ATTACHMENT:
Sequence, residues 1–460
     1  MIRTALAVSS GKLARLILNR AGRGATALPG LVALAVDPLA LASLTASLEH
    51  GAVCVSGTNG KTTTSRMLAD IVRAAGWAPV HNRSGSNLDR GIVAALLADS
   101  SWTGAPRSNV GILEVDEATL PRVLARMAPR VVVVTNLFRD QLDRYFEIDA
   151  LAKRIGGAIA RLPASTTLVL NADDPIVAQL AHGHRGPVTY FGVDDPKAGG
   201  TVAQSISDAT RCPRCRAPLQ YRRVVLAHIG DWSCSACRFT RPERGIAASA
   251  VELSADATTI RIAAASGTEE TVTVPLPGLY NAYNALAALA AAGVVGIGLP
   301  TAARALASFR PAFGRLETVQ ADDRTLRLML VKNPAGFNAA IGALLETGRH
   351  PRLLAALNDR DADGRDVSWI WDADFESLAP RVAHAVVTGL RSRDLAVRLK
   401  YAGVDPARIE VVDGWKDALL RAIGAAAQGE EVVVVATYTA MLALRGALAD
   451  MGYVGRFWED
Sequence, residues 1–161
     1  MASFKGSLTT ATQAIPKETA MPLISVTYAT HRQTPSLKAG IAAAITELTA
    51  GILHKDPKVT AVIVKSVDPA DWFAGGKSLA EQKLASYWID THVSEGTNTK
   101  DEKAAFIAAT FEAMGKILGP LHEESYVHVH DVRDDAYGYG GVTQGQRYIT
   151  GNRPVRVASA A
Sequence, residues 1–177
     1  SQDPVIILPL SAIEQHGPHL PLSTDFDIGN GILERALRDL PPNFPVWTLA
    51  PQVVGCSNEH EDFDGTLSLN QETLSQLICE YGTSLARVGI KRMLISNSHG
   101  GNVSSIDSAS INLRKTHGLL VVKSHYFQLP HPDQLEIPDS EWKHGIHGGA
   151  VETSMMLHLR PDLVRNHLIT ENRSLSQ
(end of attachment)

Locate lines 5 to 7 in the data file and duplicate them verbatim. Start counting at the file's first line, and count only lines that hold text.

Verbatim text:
   151  LAKRIGGAIA RLPASTTLVL NADDPIVAQL AHGHRGPVTY FGVDDPKAGG
   201  TVAQSISDAT RCPRCRAPLQ YRRVVLAHIG DWSCSACRFT RPERGIAASA
   251  VELSADATTI RIAAASGTEE TVTVPLPGLY NAYNALAALA AAGVVGIGLP